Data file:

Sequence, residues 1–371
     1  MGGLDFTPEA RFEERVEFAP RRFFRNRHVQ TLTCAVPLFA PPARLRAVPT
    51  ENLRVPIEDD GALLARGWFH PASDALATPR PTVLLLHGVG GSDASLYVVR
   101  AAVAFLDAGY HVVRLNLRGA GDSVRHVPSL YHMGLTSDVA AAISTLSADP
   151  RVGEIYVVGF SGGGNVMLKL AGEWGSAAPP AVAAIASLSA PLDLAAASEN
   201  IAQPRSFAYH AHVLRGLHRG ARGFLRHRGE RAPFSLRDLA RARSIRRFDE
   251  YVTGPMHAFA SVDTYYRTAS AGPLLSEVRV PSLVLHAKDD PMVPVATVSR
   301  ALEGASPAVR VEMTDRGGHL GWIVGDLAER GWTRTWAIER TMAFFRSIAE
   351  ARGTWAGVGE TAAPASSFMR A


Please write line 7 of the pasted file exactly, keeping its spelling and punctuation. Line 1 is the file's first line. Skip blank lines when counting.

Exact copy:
   251  YVTGPMHAFA SVDTYYRTAS AGPLLSEVRV PSLVLHAKDD PMVPVATVSR